8. Home Comforts

Home Comforts has been a valuable encyclopedia of homemaking art and skills for years. The book is written by Cheryl Mendelson who is a both a Harvard graduate and lawyer in New York City takes great detail to explain why housework is not “beneath us,” how it is necessary to enjoying your home life and painstakingly explains how to do housework chores. What nice is she doesn’t just explain the how. She also explains the why behind methods. She is very practical, good-humored and also provides a number of preventative routines to cut down on time and chores later. This book is perfect to read in full or as a reference.

young woman rolling dough for baking in kitchen
Photo by Andrea Piacquadio on Pexels.com

9. Theology of the Home

This book really resonated with me. Recently, as I have spent more time in scripture, I feel more called to embrace the calling of being a wife, mother and homemaker. This book is unique because while it focuses on practical homemaking, it uses a biblical lens of how by serving our families we are also serving Christ. If you are a Christian wife and you feel like the monotony of homemaking is beneath you, unappreciated, or even just dead in the doldrums of chores, I highly recommend reading this book for inspiration. Oh how we forget how important it is to build a home that nurtures both the body and soul. The book provides a Christian mindset for everything from meal preparation, to planning joyful gatherings and how to open up your home to those around you. The book has a lot sequel, Theology of the Home II which I think it also very good. I’ll include the links to both.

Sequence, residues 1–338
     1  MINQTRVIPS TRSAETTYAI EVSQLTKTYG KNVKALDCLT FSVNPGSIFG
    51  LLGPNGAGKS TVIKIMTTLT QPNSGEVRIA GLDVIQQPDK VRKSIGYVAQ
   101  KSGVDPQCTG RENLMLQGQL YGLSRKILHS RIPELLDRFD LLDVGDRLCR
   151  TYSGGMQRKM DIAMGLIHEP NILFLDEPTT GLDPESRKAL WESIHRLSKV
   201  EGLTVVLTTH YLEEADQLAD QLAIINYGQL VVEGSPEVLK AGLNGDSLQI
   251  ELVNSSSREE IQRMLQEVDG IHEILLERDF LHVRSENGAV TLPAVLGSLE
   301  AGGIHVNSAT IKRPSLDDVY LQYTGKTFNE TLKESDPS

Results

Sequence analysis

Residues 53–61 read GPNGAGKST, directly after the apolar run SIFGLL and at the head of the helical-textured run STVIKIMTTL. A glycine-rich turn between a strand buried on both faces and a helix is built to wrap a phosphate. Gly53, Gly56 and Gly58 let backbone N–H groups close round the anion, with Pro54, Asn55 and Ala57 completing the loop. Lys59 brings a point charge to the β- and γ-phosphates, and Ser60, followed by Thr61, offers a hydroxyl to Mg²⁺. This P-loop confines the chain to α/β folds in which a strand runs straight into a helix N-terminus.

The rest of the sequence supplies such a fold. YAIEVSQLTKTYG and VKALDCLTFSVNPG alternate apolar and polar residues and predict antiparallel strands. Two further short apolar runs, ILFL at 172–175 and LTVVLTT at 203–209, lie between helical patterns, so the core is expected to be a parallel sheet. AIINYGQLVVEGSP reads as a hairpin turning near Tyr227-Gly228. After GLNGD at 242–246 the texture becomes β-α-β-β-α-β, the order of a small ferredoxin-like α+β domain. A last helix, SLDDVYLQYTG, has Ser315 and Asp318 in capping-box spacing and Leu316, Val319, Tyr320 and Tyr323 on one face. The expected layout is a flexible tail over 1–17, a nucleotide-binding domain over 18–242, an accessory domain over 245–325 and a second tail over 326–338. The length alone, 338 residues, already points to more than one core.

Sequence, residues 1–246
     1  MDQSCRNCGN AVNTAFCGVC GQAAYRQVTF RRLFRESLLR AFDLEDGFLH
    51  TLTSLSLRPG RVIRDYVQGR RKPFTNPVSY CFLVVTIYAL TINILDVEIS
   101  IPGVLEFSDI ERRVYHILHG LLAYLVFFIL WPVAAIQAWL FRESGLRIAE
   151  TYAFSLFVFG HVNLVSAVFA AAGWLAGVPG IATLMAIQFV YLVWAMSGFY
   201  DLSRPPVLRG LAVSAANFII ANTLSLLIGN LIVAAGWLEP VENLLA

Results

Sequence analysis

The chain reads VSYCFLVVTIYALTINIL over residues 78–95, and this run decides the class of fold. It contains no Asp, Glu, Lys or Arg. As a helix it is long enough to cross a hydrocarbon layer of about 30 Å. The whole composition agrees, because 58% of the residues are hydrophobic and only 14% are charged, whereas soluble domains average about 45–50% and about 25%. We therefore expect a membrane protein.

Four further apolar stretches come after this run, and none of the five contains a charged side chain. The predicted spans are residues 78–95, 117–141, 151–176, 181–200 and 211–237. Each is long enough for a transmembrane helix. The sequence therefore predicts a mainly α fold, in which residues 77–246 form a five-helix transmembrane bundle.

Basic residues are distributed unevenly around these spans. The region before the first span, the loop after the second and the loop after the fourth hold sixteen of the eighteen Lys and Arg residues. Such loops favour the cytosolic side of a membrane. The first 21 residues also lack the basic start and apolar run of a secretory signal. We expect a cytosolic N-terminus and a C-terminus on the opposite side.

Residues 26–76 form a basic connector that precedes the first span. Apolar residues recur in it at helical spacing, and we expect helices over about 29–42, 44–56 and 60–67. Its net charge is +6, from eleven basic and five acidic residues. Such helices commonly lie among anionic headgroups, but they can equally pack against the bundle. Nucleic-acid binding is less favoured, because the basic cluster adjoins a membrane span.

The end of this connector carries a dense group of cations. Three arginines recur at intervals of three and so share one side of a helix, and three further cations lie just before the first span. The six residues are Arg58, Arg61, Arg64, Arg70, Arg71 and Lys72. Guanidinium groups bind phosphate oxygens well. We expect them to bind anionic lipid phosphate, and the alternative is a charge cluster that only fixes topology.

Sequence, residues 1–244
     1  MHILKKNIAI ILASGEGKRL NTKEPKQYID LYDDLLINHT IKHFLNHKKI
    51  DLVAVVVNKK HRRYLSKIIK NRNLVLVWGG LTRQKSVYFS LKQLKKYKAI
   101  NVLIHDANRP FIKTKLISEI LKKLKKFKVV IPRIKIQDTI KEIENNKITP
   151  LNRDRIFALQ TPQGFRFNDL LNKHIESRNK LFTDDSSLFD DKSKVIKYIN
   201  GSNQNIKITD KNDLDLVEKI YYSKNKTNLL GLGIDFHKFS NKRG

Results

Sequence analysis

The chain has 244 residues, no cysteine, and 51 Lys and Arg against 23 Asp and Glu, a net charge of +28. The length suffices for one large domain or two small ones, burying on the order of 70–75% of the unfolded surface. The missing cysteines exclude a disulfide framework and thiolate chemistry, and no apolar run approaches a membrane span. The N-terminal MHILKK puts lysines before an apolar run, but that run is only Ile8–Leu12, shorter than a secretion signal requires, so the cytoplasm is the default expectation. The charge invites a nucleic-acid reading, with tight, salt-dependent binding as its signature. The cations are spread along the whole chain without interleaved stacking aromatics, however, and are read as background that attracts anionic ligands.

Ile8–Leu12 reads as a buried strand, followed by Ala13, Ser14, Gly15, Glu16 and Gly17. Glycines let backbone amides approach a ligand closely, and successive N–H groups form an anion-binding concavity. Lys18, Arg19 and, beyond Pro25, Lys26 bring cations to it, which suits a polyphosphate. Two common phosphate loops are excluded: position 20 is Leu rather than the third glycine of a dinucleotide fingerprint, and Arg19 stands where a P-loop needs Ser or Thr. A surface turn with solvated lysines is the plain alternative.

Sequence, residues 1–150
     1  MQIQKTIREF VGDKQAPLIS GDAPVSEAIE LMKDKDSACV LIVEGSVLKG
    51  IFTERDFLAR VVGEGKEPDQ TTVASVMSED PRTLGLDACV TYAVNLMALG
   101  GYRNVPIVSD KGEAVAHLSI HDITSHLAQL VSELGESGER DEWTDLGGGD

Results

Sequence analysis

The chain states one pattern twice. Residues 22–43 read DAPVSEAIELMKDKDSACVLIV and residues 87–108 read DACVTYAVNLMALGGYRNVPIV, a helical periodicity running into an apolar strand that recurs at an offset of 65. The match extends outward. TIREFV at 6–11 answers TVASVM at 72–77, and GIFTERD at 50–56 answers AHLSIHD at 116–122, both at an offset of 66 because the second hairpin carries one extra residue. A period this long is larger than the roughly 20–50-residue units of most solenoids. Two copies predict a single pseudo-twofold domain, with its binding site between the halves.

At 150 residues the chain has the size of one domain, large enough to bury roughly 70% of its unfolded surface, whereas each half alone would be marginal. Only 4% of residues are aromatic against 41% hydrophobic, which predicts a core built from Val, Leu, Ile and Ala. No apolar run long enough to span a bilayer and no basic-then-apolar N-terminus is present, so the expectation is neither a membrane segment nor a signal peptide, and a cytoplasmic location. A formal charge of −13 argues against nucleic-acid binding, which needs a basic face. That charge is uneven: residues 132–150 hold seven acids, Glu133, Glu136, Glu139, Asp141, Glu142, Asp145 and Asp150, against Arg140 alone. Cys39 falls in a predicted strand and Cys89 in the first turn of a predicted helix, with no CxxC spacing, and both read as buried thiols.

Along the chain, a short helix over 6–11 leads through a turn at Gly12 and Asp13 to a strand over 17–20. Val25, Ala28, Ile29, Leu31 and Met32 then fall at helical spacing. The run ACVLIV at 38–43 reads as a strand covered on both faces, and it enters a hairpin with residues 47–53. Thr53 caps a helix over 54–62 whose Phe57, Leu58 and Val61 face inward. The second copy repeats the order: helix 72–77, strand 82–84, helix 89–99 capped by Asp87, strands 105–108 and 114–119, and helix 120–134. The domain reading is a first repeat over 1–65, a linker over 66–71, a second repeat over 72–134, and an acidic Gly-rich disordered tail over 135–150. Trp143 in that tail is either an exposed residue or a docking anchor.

10. Vintage Course in Homemaking

This book, Vintage Course in Homemaking, is actually a peak into 1930s homemaking. If you are inspired by vintage homemaking and want to know how women of the past ran productive households, I think you may really enjoy this little gem. is available for free in kindle format if you have kindle unlimited. I’m not much of a kindle person. This book contains some unique advice such as how to care for the sick, how to furnish a home, manners and etiquette, and more. The book is full of common sense and practical advice but there is something incredibly charming about the vintage homemaking aspect.